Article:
nginx: doing ip geolocation right in nginx

knowing the geolocation of your site’s users is handy thing. maybe you want to force your canadian users into a degraded, second-rate version of your ecommerce site, or maybe you want to redirect people from brazil to a frontend you ran through google translate, or maybe you just want to block the netherlands because you hate the dutch. there are reasons.

traditionally, this gets done by calling a third-party geolocation api. you gotta fiddle with api keys and manage rate limits and write a bunch of code. or… we could just let nginx do it all for us.

in this post we’re going to go over how to do ip geolocation for country and city in nginx and get that data into our web app where we can use it. all of this was written for ubuntu-like systems runing nginx 1.18.0.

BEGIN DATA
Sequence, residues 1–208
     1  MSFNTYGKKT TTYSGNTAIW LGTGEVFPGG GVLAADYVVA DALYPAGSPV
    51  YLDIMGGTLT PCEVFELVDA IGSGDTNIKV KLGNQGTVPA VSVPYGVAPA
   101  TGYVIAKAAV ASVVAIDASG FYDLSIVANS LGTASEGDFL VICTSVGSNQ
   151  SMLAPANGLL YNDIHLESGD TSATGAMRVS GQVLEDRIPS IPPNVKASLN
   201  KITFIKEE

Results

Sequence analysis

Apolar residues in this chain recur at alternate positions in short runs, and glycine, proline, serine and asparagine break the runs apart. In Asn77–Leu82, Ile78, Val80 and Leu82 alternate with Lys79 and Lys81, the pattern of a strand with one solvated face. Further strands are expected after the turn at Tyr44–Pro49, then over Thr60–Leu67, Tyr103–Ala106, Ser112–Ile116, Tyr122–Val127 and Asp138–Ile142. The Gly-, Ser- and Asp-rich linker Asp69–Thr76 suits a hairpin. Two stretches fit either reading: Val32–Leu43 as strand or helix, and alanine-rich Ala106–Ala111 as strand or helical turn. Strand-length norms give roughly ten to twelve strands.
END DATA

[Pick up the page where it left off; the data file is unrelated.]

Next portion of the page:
doing geolocation in your httpd
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Posted by grant horwood in nginx, 0 comments

nginx: serving private files with X-Accel-Redirect

the problem is this: we have a bunch of files, pdfs say, on our webserver that we want people to download, but only if they’re registered users. everyone else gets 404s.

there’s no shortage of ways to homeroll a solution to this issue (i often use private s3 buckets), but perhaps the most elegant way is to configure nginx to do it for us. no vendor lock in with aws, no controller methods struggling under the weight of 50mb pdfs; just nginx serving files.

in this post, we’re going to go over how to use the nginx‘s X-Accel-Redirect header with a light sprinking of php to serve files from a restricted directory.

the "one does not simply walk into mordor" meme image
one does not simply download mordor.pdf from the server
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Posted by grant horwood in nginx, 0 comments